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Power of Attorney – Do You Need One?

Woman meeting with attorneys

Adults with learning disabilities are often legally competent to handle their own day-to-day affairs. However, a person with a disability may wish to have some assistance from a parent, sibling, spouse, or friend in handling certain complex or extraordinary matters.

For example, an individual with dyscalculia may desire the help of another person in handling financial affairs. Similarly, an individual with a psychiatric disorder may benefit from assistance in making medical treatment decisions, especially if the individual may be deemed incompetent to make medical decisions for periods of time in the future.

Arrangements for this help cannot always be handled informally. For example, in the context of making medical decisions, privacy laws, including the Health Insurance Portability and Accountability Act of 1996 (commonly known as “HIPAA”), may prevent another person from accessing the individual’s medical records and information.

The durable power of attorney may provide a solution.

Many of us are familiar with the use of a durable power of attorney (“POA”) to allow a family member to act for an elderly parent who is no longer able to manage personal, financial, and/or medical affairs without assistance. However, the POA may be used far more broadly. For example, if an individual will be outside the United States for an extended period of time, he or she may execute a POA designating a trusted person to handle matters of all types that arise during such absence. Similarly, an individual with a disability that negatively impacts functioning in a particular area may find it helpful to execute a POA granting a designated person the authority to handle matters in that area.

What is a power of attorney?

A POA is a document that an individual (often called the “grantor”) executes in order to appoint a trusted friend or family member to act for the grantor. The person appointed is called the “attorney-in-fact” or the “agent” of the grantor. Often, a second person is designated to act as attorney-in-fact, in the event that the first person cannot perform the duties. An attorney-in-fact does not need to have a law degree or a law license.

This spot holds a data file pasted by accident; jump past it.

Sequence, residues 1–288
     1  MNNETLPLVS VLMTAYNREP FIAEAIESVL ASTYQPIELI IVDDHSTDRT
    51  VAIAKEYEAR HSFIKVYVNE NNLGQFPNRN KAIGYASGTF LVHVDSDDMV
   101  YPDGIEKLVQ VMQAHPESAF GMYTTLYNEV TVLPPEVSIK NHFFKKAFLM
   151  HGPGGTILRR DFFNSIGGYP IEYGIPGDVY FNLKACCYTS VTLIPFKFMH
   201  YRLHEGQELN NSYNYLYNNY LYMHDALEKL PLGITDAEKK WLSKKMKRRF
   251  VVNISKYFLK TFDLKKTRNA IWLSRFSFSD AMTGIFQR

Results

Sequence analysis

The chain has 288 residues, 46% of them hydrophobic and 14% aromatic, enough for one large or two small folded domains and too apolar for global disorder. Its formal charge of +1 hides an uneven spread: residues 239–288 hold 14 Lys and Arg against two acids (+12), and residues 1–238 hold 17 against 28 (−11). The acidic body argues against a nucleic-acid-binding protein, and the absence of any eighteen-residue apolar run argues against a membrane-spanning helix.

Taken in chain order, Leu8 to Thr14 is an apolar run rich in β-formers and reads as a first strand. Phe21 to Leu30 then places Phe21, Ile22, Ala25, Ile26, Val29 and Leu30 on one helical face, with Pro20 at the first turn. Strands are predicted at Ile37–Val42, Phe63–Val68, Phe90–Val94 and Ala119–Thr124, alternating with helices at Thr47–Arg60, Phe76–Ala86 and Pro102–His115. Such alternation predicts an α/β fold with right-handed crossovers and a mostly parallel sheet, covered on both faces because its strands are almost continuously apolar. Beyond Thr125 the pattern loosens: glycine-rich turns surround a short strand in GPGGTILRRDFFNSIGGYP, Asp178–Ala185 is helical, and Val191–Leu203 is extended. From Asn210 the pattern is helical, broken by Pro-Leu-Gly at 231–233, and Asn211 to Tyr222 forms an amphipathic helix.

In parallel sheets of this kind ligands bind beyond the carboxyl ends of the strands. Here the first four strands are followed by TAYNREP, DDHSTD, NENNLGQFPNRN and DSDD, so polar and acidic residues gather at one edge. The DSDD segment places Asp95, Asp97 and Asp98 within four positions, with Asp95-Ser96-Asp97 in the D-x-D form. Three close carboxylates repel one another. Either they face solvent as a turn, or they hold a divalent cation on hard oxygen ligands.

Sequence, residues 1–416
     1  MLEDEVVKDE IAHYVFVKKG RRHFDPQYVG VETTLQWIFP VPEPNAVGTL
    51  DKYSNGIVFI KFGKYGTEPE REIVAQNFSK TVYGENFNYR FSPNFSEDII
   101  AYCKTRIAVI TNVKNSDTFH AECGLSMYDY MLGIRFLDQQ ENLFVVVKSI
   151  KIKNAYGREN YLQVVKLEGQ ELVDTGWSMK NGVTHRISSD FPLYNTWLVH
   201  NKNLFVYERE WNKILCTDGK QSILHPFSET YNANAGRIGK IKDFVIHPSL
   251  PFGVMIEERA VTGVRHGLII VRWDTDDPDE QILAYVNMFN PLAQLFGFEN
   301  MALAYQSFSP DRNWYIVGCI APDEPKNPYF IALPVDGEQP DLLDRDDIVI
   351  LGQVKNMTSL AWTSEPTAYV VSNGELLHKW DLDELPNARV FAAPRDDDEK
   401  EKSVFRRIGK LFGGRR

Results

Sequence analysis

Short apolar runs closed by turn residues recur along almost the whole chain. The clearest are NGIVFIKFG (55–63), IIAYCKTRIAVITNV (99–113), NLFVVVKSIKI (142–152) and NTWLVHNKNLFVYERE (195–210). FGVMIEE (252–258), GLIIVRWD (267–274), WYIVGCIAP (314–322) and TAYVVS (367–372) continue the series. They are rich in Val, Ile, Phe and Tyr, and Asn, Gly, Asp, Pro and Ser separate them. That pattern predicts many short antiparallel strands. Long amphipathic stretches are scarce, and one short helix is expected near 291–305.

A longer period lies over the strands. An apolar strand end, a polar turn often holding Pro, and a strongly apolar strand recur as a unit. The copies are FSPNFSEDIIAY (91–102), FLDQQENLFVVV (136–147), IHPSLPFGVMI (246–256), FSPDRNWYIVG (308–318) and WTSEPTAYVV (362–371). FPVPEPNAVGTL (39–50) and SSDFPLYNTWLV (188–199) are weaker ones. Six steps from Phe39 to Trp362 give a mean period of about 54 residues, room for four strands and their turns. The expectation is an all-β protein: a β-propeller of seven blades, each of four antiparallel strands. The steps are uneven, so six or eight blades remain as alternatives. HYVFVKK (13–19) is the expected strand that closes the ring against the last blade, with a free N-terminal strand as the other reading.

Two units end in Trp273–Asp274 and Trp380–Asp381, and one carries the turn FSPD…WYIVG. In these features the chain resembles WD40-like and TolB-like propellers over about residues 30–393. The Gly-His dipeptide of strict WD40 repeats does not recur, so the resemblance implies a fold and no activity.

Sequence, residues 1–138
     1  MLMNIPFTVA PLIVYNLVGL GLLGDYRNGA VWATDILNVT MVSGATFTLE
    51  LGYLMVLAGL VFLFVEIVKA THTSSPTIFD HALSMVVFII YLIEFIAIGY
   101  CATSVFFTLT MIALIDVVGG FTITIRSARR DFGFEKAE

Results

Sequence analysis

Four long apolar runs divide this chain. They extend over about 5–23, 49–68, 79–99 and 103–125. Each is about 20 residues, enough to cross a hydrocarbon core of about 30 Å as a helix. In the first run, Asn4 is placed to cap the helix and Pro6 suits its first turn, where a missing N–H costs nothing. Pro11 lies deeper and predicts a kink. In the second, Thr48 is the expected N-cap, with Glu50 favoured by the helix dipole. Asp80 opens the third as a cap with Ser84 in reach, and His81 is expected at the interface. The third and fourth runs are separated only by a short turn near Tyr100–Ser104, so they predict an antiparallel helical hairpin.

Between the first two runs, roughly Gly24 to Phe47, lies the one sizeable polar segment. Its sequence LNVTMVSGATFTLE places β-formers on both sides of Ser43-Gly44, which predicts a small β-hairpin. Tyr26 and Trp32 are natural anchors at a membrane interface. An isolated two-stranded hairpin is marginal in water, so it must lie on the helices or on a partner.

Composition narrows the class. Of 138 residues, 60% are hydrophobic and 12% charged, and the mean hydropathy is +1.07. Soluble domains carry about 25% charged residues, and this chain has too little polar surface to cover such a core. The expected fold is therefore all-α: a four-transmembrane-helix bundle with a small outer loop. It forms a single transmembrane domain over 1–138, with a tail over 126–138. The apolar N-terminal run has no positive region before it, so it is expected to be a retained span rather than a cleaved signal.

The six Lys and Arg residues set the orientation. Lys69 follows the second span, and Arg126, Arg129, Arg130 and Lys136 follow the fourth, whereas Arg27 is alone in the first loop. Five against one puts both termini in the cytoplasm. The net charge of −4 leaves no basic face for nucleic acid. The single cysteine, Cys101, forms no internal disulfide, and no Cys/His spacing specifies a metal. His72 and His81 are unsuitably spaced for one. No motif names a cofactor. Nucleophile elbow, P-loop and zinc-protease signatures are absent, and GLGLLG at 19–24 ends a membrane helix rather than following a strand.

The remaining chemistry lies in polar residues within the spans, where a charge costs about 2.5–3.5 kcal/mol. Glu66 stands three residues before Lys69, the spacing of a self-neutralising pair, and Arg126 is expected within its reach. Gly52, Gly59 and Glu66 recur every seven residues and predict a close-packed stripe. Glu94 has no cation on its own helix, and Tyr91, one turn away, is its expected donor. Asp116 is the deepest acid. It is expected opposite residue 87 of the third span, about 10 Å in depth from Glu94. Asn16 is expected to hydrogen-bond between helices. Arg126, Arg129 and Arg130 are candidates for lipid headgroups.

A POA can be general, or it can set forth specific functions that the attorney-in-fact may perform. These areas include personal matters, financial decisions, and medical affairs. There may be one comprehensive POA granting the attorney-in-fact the authority to act in all of the specified areas, or there may be separate POAs for each area.

What does “durable” mean?

The term “durable” means that the POA shall continue in effect even if the grantor is subsequently deemed incompetent. This means that the POA will be effective from the date of execution until the grantor either revokes the power or until the grantor dies. Competence to execute the durable power depends upon the ability of the grantor to understand what he or she is doing at the time the power was executed. This is the principle advantage of the durable POA over the non-durable POA, which ceases to be effective if the grantor is deemed incompetent.

Language to make the POA “durable” must appear in the POA. The necessary wording varies from state-to-state, but often indicates that the POA shall remain in full force and effect despite disability, incompetence, or incapacity (whether mental or physical) of the grantor, until the revocation of the POA by the grantor or the death of the grantor. A licensed and experienced legal practitioner can help you determine exactly what is required to make a POA durable in your location and circumstances.

What financial powers can be granted by a power of attorney?

A POA can grant the attorney-in-fact the authority to handle a wide variety of financial matters and tasks. Some everyday examples might include signing checks from the grantor, endorsing and depositing checks made out to the grantor, and otherwise managing the grantor’s finances. The attorney-in-fact may also be authorized to buy and sell stocks, bonds, and real property on behalf of the grantor. Finally, POAs often authorize the attorney-in-fact to represent the grantor in tax matters, to handle insurance matters for the grantor, and to retain counsel to otherwise protect the grantor’s interest.

What medical powers can be granted by a power of attorney?

A POA can grant the attorney-in-fact the authority to make a number of medical decisions. For example, the POA might enable the attorney-in-fact to authorize admission of the grantor into hospitals, to agree to medical care for the grantor, and to authorize the withholding or termination of medical treatment for the grantor.

How do you obtain a durable power of attorney?

Some states have durable medical POA forms and living will forms available online at no charge. It may be prudent, however, to consult with your attorney to determine whether a durable POA is the best course of action for you. This will enable your attorney, if appropriate, to develop a POA tailored to your specific circumstances.

This article has been prepared for general information purposes only.  The information presented is not legal advice and is not to be acted on as such.

This article was generously written and provided by White & Case LLP.

Last Reviewed and Updated: 12/11/2018